only 24 hours a week.
of the system say it reflects the country's plurality of faiths. Critics say it
discriminates against women of all faiths and means women are treated
differently based on their sect. For example, divorced Sunni mothers can keep
sons and daughters until age 12.
have really borne the brunt of the sectarian system of governance and we see
that in the personal status laws," said Lama Fakih, Human Rights Watch
Beirut office director. "These are egregious abuses that are resulting in
violence against women, that are resulting in outcomes where children are not
being taken care of by the parent that is most suited to take care of the
child, where families are really not well served."
solutions and demands have been put forward: reform or oversight of the
religious courts, an option of a civil system for those who don't want to use
religious courts, or a unified civil personal status law for all.
convulsing Lebanon for more than a month have given a new platform for those
demanding change. The protests erupted over proposed new taxes and escalated
into calls for the removal of Lebanon's entire political elite and its
sectarian power-sharing system.
Rouhana of the feminist organization KAFA said the myriad of personal status
laws is intertwined with sectarian politics.
this renaissance that we've witnessed and seen on the streets lately through
the leadership of women ... is not reflected in the laws," she told a
small group who had gathered to discuss a KAFA-proposed draft for a civil
personal status law.
died just before the current protests. But her face or name have at times
appeared on protesters' signs and banners. "The beautiful revolutionary
... Your soul is present here with us," read one. At a memorial marking 40
days since her death, candles spelling out her name in Arabic lit up a main
Beirut protest square. "We cannot delay issues of women's rights ... Death
does not wait," read a pin on her sister Nada's chest.
Fahs, a 49-year-old who has turned out for the current round of protests, first
met Jouny at a protest years ago. She remembers a young woman, her hair down,
wearing — Fahs thought disapprovingly — too much red lipstick. Jouny was chanting,
"Corruption, corruption, it's underneath the turbans," a
controversial slogan she became known for, referring to allegations against
some religious judges.
who covers her hair with a scarf, said she was so amazed she broke into tears.
"What a way to shatter taboos. I couldn't believe it," she said.
"Even our men cannot talk like that."
would look at her and think here's this young girl who feels like she can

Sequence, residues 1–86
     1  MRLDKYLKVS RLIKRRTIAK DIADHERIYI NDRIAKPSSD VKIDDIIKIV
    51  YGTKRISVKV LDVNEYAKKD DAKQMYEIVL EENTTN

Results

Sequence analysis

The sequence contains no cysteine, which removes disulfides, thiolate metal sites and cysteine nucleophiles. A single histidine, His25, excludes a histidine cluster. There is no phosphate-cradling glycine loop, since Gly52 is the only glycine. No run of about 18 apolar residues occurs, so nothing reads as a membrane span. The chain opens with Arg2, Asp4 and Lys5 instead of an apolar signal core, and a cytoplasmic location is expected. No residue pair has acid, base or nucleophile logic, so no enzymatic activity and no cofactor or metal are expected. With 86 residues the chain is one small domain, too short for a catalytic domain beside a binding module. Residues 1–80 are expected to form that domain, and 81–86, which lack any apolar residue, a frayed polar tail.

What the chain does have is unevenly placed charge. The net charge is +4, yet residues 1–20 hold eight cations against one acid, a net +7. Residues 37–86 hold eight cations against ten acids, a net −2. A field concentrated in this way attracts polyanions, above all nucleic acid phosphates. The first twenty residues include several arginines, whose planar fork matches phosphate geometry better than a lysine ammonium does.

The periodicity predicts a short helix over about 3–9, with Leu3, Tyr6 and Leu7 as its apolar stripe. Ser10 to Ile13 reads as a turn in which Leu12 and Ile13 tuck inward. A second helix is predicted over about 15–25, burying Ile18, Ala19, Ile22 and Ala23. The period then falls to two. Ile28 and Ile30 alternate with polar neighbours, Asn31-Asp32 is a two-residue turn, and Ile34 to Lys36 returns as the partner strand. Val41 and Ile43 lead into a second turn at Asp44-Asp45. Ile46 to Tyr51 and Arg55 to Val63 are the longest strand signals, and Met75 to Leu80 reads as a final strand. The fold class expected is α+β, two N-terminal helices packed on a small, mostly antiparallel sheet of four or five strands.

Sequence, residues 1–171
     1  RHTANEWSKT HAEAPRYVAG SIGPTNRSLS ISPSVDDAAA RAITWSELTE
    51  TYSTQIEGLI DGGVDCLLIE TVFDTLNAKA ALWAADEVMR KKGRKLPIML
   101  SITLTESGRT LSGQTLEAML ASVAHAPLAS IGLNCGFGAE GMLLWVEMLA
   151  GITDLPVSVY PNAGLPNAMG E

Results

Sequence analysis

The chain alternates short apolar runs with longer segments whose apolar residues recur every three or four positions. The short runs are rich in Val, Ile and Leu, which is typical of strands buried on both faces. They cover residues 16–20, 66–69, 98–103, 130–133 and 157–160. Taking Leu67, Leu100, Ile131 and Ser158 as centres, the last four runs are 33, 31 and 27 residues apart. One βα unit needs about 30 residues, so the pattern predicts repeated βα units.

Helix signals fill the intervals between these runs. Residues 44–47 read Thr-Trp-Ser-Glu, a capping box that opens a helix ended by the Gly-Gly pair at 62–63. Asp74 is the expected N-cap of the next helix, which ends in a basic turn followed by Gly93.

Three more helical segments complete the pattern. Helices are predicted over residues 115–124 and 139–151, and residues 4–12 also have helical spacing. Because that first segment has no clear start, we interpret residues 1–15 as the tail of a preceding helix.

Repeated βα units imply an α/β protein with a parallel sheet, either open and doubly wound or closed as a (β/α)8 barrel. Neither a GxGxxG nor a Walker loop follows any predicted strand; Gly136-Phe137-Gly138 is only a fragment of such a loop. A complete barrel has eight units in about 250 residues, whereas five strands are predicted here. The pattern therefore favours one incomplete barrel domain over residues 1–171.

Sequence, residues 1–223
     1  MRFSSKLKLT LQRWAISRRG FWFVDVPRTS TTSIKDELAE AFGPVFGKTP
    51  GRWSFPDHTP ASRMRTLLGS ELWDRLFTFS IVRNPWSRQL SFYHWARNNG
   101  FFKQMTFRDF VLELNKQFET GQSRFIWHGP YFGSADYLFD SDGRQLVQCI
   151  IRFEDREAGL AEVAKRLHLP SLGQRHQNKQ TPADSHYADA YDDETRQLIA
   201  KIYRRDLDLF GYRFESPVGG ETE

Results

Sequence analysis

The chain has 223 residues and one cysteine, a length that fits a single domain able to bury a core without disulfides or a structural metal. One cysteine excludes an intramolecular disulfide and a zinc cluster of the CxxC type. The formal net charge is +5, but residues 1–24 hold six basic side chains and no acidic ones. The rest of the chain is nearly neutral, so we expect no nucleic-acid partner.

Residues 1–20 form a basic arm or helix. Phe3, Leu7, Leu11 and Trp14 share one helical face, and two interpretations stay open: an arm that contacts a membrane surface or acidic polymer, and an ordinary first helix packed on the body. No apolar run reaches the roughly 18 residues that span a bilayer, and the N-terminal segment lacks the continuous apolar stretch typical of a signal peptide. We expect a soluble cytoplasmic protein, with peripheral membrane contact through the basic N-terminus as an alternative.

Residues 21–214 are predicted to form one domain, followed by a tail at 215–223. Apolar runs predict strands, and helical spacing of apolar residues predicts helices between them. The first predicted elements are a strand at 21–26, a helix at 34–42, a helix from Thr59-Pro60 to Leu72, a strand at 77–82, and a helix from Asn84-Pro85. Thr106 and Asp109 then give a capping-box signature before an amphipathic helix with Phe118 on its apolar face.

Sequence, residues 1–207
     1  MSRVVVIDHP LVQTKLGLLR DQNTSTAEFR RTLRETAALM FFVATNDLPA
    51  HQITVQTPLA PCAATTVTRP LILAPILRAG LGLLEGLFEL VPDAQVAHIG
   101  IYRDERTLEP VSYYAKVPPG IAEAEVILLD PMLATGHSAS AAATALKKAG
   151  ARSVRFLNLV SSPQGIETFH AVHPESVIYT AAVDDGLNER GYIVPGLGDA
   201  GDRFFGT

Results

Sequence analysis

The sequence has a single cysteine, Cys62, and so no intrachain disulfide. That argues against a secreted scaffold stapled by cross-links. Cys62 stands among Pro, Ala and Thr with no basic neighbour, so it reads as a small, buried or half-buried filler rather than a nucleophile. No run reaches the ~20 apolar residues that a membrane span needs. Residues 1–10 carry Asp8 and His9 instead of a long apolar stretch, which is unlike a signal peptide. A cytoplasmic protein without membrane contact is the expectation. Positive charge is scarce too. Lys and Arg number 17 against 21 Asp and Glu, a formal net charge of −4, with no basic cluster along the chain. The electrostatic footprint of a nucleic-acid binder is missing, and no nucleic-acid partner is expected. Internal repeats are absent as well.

change the world and she is not afraid — not of a sect or of clerics ... What
am I lacking?" Fahs said.
Fadia Hamzeh said she often hears criticism from her Shiite community that she
is scandalizing them. She founded a Facebook page called "Revolution of a
Shiite woman" to educate women about their rights in the Shiite courts,
share their stories and let them know that "if you don't rebel, you won't
get your rights."
opened the door. Most families are suffering from tragedies. I didn't create
this," she said. "We must offer an example for other sects because
just like we have injustices in religious courts, other sects do too."
was inspired by the ordeal of her sister, who made news in 2016 when she was
arrested and held for a few days over her refusal to turn over her son to his
father. Jouny, she said, was one of the people who helped her sister's case
become public and led chants in a march to the police station where she was
are we headed when our mothers die feeling oppressed and when we are depriving
our children of their mothers when they're still alive?" she said.
Moussa al-Sammoury, a judge who sits on one of the Shiite courts, said,
"Religious matters are not subject to street pressure. The issue has to do
with God's satisfaction; God wants this or doesn't want this," adding,
"The judge is not acting on a whim or on what he wants."
he said, he and his fellow judges have room to consider the children's best
interest on a case-by-case basis. "If he's a bad father and is not to be
trusted, we don't award him custody," he said.
Taleb, a Shiite cleric, said the solution is to reform the rules of religious
courts, noting that there is more than one opinion on the custody issue in
Shiite jurisprudence. He supports raising the maternal custody age to at least
seven while allowing judges to leave the kids with the mother longer when it's
in their best interest.
in its essence is mercy, not plastic texts," he said. "People who are
religiously devout, and I am one of them, demand change." He said failing
to provide solutions within the religious context could drive people to look
elsewhere. "Today in Lebanon, there are complaints about religious courts
of all sects, Muslim and Christian."
Ibrahim, who founded a campaign to raise the age of maternal custody, said she
supports the idea of a unified civil law for personal status but believes it is
a "far dream." A more attainable goal, she said, is to raise the age